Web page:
Rudd resigned on Sunday (29 April) after a torrid couple of weeks, during which there had been a growing public outcry about the treatment of Caribbean immigrants to the UK during the Windrush era.
But last week, pressure mounted after Rudd told MPs investigating Windrush that were no removal targets and was then forced to admit a day later that there were. She told the Commons on Thursday that she had not been made aware of them but the Guardian newspaper then published a June 2017 memo, copied to her, which referred to targets.
The newspaper also published the full text of a January 2017 letter from Rudd to the Prime Minister yesterday, in which the former Home Secretary set out her aim to increase enforced deportations.
In her resignation letter to Theresa May today, Rudd, who was replaced within hours as Home Secretary by Communities Secretary Sajid Javid, admitted she had "inadvertently misled the Home Affairs Select Committee" about the removal policy for illegal immigrants during their questions about Windrush.
The resignation of one of the most senior members of the Government could not come at a worse time for the Conservative Party as it faces an already difficult environment ahead of the forthcoming local elections this Thursday.
Hell hath no fury like an official unfairly blamed
"The now former Home Secretary's fatal error was to give the impression that she was letting her officials take the heat about 'the targets'," said Peter Carroll (above), former special advisor to Danny Alexander MP from 2010-2015, now director of Tendo Consulting.
He added: "In politics 'Hell hath no fury like an official unfairly blamed'. After all, officials know where all the bodies are buried. They have a vast array of information that can be weaponised and they appear to have done that in this case with some selective and devastatingly timed leaks'."
Comms bureaucracy at the Home Office
But the problem also lay with the speed of the response from the Home Office, thought Joey Jones (above), former deputy political editor at Sky News and now head of public affairs, Weber Shandwick.
He said: "Journalists understandably get grumpy when they’re kept waiting for a quote with deadlines looming. The layers of comms bureaucracy at the Home Office are always an obstacle to speed and flexibility, but in this case the situation was worse because any line would have needed Downing Street approval and in the end there were no good options anyway."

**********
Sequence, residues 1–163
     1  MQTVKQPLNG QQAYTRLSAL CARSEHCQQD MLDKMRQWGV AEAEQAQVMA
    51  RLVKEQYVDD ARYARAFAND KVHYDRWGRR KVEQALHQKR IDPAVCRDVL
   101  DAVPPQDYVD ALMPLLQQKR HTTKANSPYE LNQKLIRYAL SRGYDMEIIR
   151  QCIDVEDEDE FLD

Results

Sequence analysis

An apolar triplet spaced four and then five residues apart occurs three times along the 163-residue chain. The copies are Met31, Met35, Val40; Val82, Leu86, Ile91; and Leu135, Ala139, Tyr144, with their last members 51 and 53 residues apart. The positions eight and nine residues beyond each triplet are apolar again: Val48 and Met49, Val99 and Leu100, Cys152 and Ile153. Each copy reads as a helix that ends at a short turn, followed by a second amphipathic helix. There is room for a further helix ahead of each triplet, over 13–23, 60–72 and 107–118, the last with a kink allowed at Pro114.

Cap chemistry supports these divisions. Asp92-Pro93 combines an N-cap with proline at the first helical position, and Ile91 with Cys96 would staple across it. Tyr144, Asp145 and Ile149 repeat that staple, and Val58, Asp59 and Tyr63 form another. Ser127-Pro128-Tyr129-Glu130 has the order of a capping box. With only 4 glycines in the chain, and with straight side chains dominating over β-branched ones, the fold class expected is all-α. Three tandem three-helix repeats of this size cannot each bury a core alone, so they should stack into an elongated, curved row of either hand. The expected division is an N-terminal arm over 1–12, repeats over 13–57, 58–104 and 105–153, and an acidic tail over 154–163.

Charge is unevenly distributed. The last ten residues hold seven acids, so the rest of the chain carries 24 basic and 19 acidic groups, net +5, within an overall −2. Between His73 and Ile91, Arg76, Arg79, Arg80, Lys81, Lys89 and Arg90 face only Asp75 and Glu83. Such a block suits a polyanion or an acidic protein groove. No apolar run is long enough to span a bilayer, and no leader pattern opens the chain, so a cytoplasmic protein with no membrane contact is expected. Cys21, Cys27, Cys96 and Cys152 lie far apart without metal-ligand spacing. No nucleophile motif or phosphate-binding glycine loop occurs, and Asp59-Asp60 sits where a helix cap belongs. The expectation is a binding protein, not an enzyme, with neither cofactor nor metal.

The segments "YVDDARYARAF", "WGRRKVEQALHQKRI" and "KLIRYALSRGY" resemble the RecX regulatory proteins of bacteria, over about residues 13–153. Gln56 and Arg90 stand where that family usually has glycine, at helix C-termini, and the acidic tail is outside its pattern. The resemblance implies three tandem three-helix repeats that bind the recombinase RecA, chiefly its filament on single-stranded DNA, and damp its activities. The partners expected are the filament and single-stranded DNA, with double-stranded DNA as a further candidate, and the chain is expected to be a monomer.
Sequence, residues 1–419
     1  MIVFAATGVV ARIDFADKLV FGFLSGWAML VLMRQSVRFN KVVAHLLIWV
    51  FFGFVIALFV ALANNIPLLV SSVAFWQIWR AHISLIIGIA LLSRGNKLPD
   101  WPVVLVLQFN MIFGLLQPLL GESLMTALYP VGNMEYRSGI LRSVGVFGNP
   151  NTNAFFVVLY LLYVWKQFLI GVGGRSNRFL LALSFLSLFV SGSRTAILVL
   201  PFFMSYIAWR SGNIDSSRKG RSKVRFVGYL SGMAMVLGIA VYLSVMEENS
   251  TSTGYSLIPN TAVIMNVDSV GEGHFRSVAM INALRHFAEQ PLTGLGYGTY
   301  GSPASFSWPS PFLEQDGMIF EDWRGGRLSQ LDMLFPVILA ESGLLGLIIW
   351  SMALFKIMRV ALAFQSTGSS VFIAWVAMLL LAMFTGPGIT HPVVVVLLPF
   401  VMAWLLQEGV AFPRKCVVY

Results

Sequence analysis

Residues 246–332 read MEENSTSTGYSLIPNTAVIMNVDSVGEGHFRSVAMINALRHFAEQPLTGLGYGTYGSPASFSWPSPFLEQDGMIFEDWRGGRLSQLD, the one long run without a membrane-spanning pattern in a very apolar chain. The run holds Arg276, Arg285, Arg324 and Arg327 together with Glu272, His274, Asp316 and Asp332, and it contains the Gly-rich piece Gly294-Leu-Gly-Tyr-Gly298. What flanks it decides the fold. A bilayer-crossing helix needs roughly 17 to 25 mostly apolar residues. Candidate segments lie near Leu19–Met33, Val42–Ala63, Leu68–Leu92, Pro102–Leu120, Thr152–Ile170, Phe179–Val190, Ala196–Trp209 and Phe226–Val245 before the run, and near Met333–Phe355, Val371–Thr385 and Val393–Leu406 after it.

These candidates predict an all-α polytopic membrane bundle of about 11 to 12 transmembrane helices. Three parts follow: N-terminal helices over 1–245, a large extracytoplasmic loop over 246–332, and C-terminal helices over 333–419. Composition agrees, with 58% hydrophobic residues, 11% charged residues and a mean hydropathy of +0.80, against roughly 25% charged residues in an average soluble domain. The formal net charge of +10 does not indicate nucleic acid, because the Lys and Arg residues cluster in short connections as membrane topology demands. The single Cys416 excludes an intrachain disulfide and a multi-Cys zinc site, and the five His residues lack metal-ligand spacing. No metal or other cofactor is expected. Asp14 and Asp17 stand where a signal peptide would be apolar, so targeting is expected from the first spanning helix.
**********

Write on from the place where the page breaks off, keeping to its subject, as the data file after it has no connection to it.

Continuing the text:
Chasing, rather than owning a narrative
And it did not help the comms operation that the Home Office was playing catch-up with its political master during the unfolding crisis.
"You have to feel for the individuals in the Home Office comms team who were clearly not being told quite everything by their boss, and ended up chasing, rather than owning a narrative driven by the media, seasoned with leaks and half-truths," said Jimmy Leach (above), former head of digital communications in Downing Street and the Foreign Office.
"But, institutionally, there seems to have been a strange lack of collective memory where no-one could lay claim to knowing what policies and documents the Office had been passing around these last few years. The communications office is tainted by that same dysfunction, but, in the end, transparency from their own minister would have made it all a whole lot easier."
Honesty is the best policy
And it was the lack of transparency, as questions were asked by the media, opposition parties and campaigners, that ultimately led to her downfall, said Lucy Holbrook (above), a partner at Pagefield.
She said: "Honesty is always the best policy. Amber Rudd should have tackled the issue head on by acknowledging the policy (and its failings), apologising to the victims and setting out steps to address the problem, and avoiding the drip, drip commentary ever since the story first broke. The wind would have been taken from her opponents’ sails, the story would have died and she could have weathered the Windrush storm."